The interaction between diabetes and estradiol on human brain metabolism in postmenopausal women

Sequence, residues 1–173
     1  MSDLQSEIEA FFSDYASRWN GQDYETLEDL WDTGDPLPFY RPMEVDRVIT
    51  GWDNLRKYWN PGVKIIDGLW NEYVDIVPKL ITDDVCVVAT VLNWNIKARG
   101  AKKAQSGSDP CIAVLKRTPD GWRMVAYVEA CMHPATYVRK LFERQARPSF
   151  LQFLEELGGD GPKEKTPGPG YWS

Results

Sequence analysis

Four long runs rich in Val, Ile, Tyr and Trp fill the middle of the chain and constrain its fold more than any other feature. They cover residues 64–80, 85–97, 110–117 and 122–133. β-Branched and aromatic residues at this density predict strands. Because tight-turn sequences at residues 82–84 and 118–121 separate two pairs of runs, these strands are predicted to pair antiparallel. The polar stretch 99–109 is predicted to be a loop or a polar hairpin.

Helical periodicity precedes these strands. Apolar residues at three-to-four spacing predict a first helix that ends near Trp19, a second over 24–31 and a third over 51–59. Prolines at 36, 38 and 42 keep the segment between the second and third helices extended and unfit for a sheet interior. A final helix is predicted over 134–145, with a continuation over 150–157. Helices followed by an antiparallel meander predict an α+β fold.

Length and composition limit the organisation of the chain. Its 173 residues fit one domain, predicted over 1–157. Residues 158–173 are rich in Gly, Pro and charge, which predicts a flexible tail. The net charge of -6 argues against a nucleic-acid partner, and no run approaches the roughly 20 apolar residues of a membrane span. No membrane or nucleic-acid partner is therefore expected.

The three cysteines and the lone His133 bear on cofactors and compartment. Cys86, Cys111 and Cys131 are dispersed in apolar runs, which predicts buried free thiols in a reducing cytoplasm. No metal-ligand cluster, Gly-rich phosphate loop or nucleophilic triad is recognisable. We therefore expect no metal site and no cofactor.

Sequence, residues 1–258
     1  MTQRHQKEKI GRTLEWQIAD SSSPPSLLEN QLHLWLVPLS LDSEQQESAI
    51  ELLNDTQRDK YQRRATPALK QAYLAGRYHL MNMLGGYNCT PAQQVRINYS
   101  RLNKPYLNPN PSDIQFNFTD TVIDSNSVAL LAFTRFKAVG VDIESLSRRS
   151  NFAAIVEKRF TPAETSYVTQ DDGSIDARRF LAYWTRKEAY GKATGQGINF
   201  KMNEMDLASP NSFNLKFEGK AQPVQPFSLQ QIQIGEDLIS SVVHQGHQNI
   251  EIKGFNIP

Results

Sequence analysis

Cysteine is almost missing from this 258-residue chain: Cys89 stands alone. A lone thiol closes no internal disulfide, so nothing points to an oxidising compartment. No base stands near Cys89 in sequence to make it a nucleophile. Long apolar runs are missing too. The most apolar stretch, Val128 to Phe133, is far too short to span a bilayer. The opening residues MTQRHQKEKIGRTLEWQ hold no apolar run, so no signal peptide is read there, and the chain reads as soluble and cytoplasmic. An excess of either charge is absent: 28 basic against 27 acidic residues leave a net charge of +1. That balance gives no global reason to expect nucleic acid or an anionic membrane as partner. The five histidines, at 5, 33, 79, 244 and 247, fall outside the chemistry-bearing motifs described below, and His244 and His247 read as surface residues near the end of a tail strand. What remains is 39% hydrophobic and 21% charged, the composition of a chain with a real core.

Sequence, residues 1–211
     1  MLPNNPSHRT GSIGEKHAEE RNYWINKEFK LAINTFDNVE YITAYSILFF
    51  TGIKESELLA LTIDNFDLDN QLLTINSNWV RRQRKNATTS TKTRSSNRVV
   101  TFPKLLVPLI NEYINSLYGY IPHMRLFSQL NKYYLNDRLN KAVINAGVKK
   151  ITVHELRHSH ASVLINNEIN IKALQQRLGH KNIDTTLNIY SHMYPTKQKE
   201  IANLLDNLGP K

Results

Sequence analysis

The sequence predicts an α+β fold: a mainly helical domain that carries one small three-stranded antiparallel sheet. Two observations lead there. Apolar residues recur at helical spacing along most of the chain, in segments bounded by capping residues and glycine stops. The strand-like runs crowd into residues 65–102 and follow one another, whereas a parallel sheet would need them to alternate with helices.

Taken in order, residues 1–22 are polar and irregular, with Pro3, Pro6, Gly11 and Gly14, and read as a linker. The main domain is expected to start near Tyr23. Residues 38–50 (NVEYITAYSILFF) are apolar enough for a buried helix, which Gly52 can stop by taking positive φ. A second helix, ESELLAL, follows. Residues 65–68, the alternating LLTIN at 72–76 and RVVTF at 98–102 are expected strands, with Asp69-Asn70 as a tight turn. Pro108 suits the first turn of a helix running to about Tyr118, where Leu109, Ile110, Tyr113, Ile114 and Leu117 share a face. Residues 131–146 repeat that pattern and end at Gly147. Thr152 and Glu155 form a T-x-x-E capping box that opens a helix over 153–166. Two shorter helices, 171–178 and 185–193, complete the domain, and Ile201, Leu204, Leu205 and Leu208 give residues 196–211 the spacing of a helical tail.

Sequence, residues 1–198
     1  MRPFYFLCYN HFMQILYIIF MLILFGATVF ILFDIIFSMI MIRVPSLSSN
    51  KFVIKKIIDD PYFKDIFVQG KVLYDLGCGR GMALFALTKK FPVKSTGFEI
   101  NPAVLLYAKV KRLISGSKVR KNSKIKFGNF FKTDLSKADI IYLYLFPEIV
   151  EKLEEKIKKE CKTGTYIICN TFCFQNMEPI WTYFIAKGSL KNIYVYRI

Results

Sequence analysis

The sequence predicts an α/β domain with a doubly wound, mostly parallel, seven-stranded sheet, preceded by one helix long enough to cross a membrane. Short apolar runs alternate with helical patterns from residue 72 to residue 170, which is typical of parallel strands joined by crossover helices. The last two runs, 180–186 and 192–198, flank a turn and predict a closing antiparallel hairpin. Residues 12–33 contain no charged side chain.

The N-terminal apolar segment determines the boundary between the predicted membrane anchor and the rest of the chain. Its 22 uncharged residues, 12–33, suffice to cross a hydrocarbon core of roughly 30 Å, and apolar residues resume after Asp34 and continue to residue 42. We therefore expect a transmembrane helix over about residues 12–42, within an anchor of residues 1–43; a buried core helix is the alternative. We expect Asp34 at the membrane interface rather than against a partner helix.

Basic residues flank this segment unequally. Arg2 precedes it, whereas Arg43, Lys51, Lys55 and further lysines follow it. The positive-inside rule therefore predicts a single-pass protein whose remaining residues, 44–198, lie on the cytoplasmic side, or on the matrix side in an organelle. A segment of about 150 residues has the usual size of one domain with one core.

More women than men are diagnosed with dementia and Alzheimer?s disease. Recent evidence suggests this may not be just because women live longer; some risk factors for Alzheimer?s disease may affect men and women differently. Type 2 diabetes (T2D) is a major risk factor for Alzheimer?s disease. It affects about 26% of the population over the age of 65 and increases the risk for dementia by 50-60%. Recent studies show T2D may be a bigger dementia and Alzheimer?s disease risk for women than men, and estrogen levels may be important in the increased risk. One hypothesis for how diseases like T2D raise the risk of dementia is that they may change the kinds of fuel the body uses at the cellular level to generate energy. Normally, brain cells rely on glucose for fuel. We are now learning that brain cells affected by age, stress, or diseases like T2D may also use other fuels. Ketone bodies, which are derived from fats, appear to be an important alternate fuel source for the brain. Interestingly, estrogen acts on the same energy pathways as T2D and estrogen may interact with T2D to substantially increase the risk of dementia in women. A recent study from France found that women who had T2D and were also in the top 25% for natural levels of estrogen in their blood had 14 times the risk for dementia, including Alzheimer?s disease, compared to T2D women with lower estrogen. Two papers in a large group of American women showed that women with T2D who randomly received estrogen therapy had an increased risk for dementia, including Alzheimer?s disease, and lower brain volumes. The interaction between T2D and estrogen therapy can be interpreted as fitting with the ?healthy cell bias? (HCB) theory for estrogen. Estrogen enhances glucose use while slowing the use of ketones for cellular energy. The HCB theory posits that in healthy brain cells using glucose as their main fuel, the glucose-enhancing properties of estrogen enhance the energy capability of the cells and the action of estrogen is protective. However, in cells challenged by stress, aging, or disease (such as T2D) brain cells may begin to rely on other fuel sources such as ketone bodies to meet the heavy energy needs of the brain. In this case, estrogen?s effects of suppressing ketone use may deprive cells needed energy, posing a risk to brain health. We propose to directly test in humans the hypothesis that the HCB theory explains the population-level observation that estrogen interacts with T2D to increase Alzheimer?s disease risk. We propose to collect positron emission tomography (PET) scans that measure uptake of ketones and glucose in women with and without T2D before and after 12 weeks of using an estrogen patch. This is an innovative, proof-of-concept study that uses new techniques to explore a novel, modifiable interaction between estrogen and a common disease on Alzheimer?s disease risk in women.